In Chapter 15 of To Kill a Mockingbird, why does the outside of the jailhouse scene happen the way it does?Consider why the author created this scene the way she did.
I believe the scene is created in order to show the power of innocent children as well as the basic good in all men. The men who confronted Atticus at the jail almost certainly planned to lynch Tom Robinson, and their mob mentality would have probably come to fruition if the children had not shown up to impart their own words of wisdom. Atticus alone would probably have not succeeded in restraining the men--either through words or fists--and the sheriff was absent on a wild goose chase perpetrated by the men. However, the group of men singularly were not all bad; although they are not all identified, most of them were probably upright citizens who held jobs and had families and children of their own. It took the simple language of Scout to bring them to reason, and it helps to illustrate that even bad men can be brought to their senses in the presence of children.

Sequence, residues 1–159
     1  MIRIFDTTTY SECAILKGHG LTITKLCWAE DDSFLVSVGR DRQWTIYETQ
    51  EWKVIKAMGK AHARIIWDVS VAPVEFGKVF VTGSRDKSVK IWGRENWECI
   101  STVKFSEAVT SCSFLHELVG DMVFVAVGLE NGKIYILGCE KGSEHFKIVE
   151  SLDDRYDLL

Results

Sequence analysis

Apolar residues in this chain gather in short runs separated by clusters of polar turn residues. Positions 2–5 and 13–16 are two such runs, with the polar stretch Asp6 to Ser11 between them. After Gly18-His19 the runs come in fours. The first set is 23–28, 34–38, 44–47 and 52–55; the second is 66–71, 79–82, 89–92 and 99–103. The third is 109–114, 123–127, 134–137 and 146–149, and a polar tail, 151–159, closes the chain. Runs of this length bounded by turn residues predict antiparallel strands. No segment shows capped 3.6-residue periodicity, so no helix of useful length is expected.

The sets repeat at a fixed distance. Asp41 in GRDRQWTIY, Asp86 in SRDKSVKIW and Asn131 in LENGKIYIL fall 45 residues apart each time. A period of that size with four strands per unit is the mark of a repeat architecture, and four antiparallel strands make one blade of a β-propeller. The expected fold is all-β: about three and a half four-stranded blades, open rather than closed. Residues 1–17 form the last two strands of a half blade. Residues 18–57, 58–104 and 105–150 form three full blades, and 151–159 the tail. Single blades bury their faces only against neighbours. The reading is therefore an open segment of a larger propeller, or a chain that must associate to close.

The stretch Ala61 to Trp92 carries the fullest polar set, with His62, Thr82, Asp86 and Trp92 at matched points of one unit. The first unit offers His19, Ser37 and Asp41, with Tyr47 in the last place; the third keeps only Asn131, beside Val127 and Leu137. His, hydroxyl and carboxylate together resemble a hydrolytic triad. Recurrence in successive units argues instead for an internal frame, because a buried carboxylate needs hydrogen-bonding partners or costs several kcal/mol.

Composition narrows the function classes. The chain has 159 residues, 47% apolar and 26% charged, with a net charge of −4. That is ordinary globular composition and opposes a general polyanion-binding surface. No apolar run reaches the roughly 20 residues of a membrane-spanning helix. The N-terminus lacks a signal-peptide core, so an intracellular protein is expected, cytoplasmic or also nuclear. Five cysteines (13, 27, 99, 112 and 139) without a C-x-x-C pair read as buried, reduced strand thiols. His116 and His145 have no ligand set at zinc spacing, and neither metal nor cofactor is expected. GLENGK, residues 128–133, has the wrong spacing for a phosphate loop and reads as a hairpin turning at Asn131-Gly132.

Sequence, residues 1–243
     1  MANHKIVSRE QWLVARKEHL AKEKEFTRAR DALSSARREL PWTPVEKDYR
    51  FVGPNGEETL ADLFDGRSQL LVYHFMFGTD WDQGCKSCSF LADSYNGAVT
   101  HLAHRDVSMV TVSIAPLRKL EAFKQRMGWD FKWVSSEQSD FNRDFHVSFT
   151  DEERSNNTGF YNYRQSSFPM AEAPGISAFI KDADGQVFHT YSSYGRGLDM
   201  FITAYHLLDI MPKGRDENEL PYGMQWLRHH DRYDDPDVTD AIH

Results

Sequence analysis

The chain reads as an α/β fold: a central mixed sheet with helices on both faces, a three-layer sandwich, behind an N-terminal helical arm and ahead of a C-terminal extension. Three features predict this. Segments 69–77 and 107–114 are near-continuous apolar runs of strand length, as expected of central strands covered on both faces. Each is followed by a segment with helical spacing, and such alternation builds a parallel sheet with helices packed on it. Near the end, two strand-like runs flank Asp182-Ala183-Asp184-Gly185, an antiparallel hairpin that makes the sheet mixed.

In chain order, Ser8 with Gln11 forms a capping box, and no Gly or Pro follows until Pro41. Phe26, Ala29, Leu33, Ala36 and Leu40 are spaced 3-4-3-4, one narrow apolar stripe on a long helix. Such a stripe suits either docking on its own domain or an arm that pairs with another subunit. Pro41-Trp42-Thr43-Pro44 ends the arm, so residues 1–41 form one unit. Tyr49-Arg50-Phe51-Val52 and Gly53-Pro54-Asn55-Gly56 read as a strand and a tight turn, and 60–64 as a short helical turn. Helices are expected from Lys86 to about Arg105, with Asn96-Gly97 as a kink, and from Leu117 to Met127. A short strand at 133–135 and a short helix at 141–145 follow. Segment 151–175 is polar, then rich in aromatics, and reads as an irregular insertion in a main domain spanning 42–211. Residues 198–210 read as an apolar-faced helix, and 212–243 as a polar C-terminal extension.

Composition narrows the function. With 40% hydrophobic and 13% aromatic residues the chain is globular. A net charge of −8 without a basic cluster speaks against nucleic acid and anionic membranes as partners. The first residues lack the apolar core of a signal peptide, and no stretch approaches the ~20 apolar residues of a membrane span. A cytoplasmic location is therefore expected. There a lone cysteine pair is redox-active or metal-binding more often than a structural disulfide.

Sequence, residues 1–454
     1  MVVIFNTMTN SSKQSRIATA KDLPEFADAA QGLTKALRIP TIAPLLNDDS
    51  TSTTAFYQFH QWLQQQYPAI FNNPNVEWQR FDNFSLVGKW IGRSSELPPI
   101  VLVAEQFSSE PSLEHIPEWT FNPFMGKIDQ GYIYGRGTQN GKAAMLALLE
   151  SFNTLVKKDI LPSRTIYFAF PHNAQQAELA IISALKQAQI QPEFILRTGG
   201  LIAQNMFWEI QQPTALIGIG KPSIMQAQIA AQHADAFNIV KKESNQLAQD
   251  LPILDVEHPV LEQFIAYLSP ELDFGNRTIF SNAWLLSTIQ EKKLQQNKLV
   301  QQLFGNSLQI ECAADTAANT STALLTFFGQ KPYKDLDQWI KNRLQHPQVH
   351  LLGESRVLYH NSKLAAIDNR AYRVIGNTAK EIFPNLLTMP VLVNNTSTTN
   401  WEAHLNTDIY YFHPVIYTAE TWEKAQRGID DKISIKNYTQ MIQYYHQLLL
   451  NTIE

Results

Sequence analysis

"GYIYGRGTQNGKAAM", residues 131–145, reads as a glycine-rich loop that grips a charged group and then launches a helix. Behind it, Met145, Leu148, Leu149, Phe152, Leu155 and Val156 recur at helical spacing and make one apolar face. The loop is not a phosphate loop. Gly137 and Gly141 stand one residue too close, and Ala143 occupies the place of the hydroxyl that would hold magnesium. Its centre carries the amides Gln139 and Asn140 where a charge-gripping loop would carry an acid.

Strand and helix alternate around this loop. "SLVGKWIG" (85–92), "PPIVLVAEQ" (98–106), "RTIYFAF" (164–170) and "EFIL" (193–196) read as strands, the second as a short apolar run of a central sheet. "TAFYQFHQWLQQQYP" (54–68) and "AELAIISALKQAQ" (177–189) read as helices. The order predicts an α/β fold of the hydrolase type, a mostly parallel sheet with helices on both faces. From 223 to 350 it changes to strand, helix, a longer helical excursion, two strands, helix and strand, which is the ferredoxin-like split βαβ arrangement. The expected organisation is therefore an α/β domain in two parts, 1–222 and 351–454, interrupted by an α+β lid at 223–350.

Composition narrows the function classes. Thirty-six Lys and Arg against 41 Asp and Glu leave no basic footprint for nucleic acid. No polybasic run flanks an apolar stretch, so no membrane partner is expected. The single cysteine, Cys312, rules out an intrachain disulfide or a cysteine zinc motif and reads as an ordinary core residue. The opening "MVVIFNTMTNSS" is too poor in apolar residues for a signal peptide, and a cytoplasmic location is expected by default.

This scene is a powerful illustration of the influence of innocence. When Scout and Jem show up at the jailhouse scene, a group of Maycomb County men are threatening to enter the jail where Tom Robinson is being kept so that they may hang him (inference). Atticus refuses to move aside from the jail door, even in the face of intimidation from the lynch mob.
Once Scout arrives and reminds Mr. Cunningham of how she knows his boy Walter, and how Atticus has helped the Cunningham family through the process of entailment, Cunningham influences the other men to lay down arms and return to their homes in a civil manner. Without Scout's interference, this scene certainly would have turned out much differently.